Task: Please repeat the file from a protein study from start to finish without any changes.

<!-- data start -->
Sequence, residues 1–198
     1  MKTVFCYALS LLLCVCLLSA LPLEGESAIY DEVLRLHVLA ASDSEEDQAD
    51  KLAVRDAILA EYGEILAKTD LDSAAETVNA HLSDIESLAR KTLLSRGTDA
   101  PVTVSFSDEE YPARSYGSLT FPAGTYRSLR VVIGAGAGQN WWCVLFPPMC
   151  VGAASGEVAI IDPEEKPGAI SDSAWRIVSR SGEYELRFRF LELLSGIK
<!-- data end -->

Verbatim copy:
Sequence, residues 1–198
     1  MKTVFCYALS LLLCVCLLSA LPLEGESAIY DEVLRLHVLA ASDSEEDQAD
    51  KLAVRDAILA EYGEILAKTD LDSAAETVNA HLSDIESLAR KTLLSRGTDA
   101  PVTVSFSDEE YPARSYGSLT FPAGTYRSLR VVIGAGAGQN WWCVLFPPMC
   151  VGAASGEVAI IDPEEKPGAI SDSAWRIVSR SGEYELRFRF LELLSGIK